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Assessing parameter identifiability in compartmental dynamic models using a computational approach: application to infectious disease transmission models
Theoretical Biology and Medical Modelling volume 16, Article number: 1 (2019)
Abstract
Background
Mathematical modeling is now frequently used in outbreak investigations to understand underlying mechanisms of infectious disease dynamics, assess patterns in epidemiological data, and forecast the trajectory of epidemics. However, the successful application of mathematical models to guide public health interventions lies in the ability to reliably estimate model parameters and their corresponding uncertainty. Here, we present and illustrate a simple computational method for assessing parameter identifiability in compartmental epidemic models.
Methods
We describe a parametric bootstrap approach to generate simulated data from dynamical systems to quantify parameter uncertainty and identifiability. We calculate confidence intervals and mean squared error of estimated parameter distributions to assess parameter identifiability. To demonstrate this approach, we begin with a lowcomplexity SEIR model and work through examples of increasingly more complex compartmental models that correspond with applications to pandemic influenza, Ebola, and Zika.
Results
Overall, parameter identifiability issues are more likely to arise with more complex models (based on number of equations/states and parameters). As the number of parameters being jointly estimated increases, the uncertainty surrounding estimated parameters tends to increase, on average, as well. We found that, in most cases, R_{0} is often robust to parameter identifiability issues affecting individual parameters in the model. Despite large confidence intervals and higher mean squared error of other individual model parameters, R_{0} can still be estimated with precision and accuracy.
Conclusions
Because public health policies can be influenced by results of mathematical modeling studies, it is important to conduct parameter identifiability analyses prior to fitting the models to available data and to report parameter estimates with quantified uncertainty. The method described is helpful in these regards and enhances the essential toolkit for conducting modelbased inferences using compartmental dynamic models.
Background
Mathematical modeling is commonly applied in outbreak investigations for analyzing mechanisms behind infectious disease transmission and explaining patterns in epidemiological data [1, 2]. Models also provide a quantitative framework for assessing intervention and control strategies and generating epidemic forecasts in real time. However, the successful application of mathematical modeling to investigate epidemics depends upon our ability to reliably estimate key transmission and severity parameters, which are critical for guiding public health interventions. In particular, parameter estimates for a given system are subject to two major sources of uncertainty: noise in the data and assumptions built in the model [3]. Ignoring this uncertainty can result in misleading inferences and potentially incorrect public health policy decisions.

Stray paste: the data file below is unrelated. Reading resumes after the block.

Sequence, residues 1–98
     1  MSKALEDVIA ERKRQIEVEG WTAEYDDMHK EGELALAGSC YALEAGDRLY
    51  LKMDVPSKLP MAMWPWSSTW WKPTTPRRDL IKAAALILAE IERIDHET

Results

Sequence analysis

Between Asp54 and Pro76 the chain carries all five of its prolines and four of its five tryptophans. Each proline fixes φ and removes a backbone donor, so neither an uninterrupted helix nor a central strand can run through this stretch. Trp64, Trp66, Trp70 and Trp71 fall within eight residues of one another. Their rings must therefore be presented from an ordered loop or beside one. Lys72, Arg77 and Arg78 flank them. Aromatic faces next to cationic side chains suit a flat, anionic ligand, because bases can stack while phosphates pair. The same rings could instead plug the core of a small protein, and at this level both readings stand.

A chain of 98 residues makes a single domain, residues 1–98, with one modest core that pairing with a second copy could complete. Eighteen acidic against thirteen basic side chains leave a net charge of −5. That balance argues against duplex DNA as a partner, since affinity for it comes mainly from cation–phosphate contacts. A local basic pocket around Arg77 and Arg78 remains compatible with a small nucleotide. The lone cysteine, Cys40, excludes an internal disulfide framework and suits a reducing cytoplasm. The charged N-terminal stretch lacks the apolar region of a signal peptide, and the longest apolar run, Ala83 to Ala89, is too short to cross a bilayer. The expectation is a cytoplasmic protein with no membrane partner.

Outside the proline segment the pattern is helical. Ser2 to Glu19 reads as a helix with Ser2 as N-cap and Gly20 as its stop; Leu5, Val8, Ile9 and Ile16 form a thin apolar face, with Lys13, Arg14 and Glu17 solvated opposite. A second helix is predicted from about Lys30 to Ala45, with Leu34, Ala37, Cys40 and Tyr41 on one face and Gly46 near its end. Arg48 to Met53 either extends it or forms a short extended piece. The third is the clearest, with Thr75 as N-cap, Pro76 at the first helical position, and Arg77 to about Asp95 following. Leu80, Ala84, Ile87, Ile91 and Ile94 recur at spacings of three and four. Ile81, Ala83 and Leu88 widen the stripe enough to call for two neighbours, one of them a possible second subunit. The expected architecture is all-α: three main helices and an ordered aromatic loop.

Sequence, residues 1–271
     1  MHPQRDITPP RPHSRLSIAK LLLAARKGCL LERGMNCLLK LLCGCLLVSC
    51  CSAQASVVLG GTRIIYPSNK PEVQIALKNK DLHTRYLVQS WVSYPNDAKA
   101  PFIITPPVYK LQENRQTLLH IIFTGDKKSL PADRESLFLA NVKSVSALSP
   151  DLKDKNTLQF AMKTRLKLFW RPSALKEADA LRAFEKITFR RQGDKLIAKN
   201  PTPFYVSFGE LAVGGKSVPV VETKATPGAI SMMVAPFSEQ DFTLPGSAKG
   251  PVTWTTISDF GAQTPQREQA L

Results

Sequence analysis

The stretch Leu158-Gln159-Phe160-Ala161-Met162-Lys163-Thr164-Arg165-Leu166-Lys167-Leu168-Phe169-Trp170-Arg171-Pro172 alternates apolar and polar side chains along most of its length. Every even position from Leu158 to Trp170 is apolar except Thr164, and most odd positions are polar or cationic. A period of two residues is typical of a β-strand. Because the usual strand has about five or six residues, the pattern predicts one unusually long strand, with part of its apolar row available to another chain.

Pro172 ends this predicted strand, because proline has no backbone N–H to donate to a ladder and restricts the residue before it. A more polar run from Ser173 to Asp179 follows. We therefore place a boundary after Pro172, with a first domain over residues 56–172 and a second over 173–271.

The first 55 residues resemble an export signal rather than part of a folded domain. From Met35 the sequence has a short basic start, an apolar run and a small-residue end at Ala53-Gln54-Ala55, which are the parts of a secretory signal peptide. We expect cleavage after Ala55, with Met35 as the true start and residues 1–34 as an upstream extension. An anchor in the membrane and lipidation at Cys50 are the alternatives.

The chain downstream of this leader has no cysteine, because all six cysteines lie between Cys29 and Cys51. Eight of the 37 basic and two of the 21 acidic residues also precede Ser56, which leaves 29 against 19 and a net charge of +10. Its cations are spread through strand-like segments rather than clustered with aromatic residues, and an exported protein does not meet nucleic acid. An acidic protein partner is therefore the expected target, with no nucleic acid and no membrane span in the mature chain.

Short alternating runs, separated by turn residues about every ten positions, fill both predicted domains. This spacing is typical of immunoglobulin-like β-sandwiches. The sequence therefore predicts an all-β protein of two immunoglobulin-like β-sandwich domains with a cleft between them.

Appropriate and flexible approaches for estimating parameters from data, evaluating parameter and model uncertainty, and assessing goodness of fit are gaining increasing attention [4,5,6,7,8]. For instance, model parameters can be estimated by connecting models with observed data through various methods, including leastsquares fitting [9], maximum likelihood estimation [10, 11], and approximate Bayesian computation [12, 13]. An important, yet often overlooked step in estimating parameters is examining parameter identifiability – whether a set of parameters can be uniquely estimated from a given model and data set [14]. Lack of identifiability, or nonidentifiability, occurs when multiple sets of parameter values yield a very similar model fit to the data. Nonidentifiability may be attributed to the model structure (structural identifiability) or due to the lack of information in a given data set (practical identifiability), which could be associated with the number of observations, spatialtemporal resolution (e.g., daily versus weekly data), and observation error. A parameter set is considered structurally identifiable if any set of parameter values can be uniquely mapped to a model output [15]. As such, structural identifiability is the first step in understanding which model parameters can be estimated from data of certain state(s) of the system at a specific spatialtemporal resolution. Structurally identifiable parameters may still be nonidentifiable in practice due to a lack of information in available data. The socalled “practical identifiability” considers realworld data issues: amount of noise in the data and sampling frequency (e.g., data collection process) [14].